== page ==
[argyllcms] Re: help with camera profile

  • From: edmund ronald <edmundronald@xxxxxxxxx>
  • To: argyllcms@xxxxxxxxxxxxx
  • Date: Sat, 21 Jul 2012 11:26:13 +0200

Yes, it's amazing how this one-man operation has managed for so long to
make one of the best products on the market. Raw Developer also has the
benefit of playing well with Nikon files, for which there are so few good
choices. Getting the word out about niche products was one of the small
pleasures of being a photo columnist.

Talking of smallish commercial RAW products with a decent graphical
interface, here's my mini-review of the usual suspects, I'm biased and
superficial, as always :)  I'm not going to talk about Lightroom because we
al know about it ;)

C1 is uneven, depending on your camera;  it can be good or mediocre, plays
well with profiling for some cameras and has a very interesting profile
editor. With my D4 the sharpening is extremely good but I don't really like
the rendering, and I still hate the ergonomics.  I would call it
overpriced, but every pro needs to look at it once.

Canon's DPP is free and useful. When I last looked at it the quality of the
color and of the sharpening were unbeatable, it's clear that the
programmers had inside info on the Canon sensors and AA filters. If you own
a Canon, this may be the converter to use for those "special" files that
need to shine.

Nikon's free View NX is a joke. My only reason for keeping it around is to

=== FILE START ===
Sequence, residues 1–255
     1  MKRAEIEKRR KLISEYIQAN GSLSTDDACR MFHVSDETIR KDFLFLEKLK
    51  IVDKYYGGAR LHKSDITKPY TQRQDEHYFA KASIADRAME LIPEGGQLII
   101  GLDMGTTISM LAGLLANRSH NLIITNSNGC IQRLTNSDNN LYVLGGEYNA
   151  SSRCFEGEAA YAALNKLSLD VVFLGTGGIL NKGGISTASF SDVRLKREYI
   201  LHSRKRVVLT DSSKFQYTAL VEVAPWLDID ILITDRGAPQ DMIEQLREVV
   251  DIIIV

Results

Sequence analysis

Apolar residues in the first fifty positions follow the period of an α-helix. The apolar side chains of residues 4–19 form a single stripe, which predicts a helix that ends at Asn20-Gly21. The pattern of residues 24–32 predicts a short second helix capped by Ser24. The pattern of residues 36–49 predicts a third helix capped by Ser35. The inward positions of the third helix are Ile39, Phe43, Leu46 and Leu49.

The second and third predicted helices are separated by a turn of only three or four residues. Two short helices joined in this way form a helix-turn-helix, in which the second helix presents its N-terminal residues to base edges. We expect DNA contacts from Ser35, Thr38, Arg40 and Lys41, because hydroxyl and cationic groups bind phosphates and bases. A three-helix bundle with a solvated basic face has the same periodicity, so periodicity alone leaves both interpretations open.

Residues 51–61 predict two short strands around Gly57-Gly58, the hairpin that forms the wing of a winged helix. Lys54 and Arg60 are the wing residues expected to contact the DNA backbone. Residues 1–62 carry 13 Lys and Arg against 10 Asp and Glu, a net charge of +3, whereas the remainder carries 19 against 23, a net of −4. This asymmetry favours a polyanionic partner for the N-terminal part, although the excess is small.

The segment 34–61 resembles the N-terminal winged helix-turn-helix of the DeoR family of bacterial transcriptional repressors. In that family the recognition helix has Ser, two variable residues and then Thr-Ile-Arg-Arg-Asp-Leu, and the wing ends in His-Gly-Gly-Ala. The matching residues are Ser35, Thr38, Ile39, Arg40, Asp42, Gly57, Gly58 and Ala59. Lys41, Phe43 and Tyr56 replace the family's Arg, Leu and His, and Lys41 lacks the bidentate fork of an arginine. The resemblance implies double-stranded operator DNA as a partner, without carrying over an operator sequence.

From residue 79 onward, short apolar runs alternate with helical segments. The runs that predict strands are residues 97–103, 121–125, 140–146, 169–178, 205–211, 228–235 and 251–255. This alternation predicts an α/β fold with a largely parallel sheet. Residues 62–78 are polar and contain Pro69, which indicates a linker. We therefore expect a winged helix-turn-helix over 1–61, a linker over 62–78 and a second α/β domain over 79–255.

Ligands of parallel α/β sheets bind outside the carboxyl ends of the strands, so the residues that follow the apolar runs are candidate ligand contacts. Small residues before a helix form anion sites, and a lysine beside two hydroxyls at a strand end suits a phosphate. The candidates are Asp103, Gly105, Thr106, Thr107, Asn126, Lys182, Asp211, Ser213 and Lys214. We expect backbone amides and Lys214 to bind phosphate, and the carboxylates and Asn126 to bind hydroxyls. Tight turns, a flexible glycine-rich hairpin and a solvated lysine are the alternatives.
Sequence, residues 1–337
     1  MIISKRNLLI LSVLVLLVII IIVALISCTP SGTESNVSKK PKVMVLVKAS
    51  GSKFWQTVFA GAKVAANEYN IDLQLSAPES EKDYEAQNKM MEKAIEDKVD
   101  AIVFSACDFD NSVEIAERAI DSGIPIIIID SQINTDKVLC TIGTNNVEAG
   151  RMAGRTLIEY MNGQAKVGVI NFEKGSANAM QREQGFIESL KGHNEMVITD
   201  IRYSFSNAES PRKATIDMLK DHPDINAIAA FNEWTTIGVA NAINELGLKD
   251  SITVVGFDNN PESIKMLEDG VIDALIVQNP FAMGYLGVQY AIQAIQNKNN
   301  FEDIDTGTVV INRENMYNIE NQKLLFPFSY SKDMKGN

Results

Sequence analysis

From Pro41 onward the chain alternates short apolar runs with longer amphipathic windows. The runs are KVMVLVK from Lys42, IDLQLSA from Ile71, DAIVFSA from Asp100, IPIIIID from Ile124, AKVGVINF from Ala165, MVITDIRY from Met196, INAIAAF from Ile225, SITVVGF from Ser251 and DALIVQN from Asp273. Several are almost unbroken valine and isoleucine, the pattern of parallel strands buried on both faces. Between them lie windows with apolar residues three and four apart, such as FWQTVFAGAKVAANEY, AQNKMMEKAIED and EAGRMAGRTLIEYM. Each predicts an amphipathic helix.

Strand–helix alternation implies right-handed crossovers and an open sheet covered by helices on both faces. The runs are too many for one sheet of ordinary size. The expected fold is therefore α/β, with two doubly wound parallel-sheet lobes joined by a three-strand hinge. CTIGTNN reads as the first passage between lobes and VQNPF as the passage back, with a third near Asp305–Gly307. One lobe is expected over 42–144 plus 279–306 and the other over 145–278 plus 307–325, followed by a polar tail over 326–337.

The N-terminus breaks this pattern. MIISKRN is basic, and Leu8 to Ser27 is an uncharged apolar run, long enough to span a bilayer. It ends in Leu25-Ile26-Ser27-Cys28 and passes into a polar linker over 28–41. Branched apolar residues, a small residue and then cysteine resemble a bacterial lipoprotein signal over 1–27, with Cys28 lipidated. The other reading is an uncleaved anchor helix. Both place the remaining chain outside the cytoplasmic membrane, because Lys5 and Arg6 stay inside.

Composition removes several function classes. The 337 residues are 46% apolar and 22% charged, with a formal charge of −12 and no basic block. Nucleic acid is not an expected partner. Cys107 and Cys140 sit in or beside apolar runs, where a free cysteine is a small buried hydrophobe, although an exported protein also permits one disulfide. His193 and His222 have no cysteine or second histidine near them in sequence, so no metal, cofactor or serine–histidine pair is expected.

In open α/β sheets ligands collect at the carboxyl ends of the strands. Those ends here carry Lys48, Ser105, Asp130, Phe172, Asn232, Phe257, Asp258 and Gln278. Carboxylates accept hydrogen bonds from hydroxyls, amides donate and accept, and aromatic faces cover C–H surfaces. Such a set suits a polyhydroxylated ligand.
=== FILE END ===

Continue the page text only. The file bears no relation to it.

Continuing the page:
check whether image flaws come from the camera or from the converter.
 Strangely, the last time I looked the app file itself (not the support
files) had disappeared from my system, so I had to uninstall and reinstall,
likely I trashed it in my sleep, or else it has moved to Natanz. I tried
Capture NX once or twice, Nikon's insistence on asking money for something
so slow amazed me.

Hasselblad's Phocus combines free, decent workflow and decent results. I
think on the Mac it builds on the Mac's native Raw conversion libraries for
third party brands like Nikon and Canon, which are not  so bad, some pros
swear by Aperture. Of course in desperation, the same libraries are
accessible from Preview itself, maybe even iPhoto. Hasselblad are making
noises about supporting camera profiling for art repro etc, see here:

Out of courtesy, let me list Iliah's RPP, which is one of many dcraw
descendants. It has the benefit of an integrated Argyll profiling engine. I
don't know these converters so well, because my whole knowledge of the
field is mainly historical, I got paid *then* for looking at things, sadly
not any more.


On Sat, Jul 21, 2012 at 2:43 AM, Ben Goren <ben@xxxxxxxxxxxxxxxx> wrote:

> On 2012-07-20, at 2:58 AM, edmund ronald wrote:
> > Iridant's beautiful mac-only  Raw Developer
> Thanks for this tip! I don't think I would have considered it had you not
> praised it so highly, and my initial impressions are quite favorable. I
> have a strong hunch I'll be switching to it for at least my art
> reproduction workflow, and possibly for everything else as well.
> Cheers,
> b&

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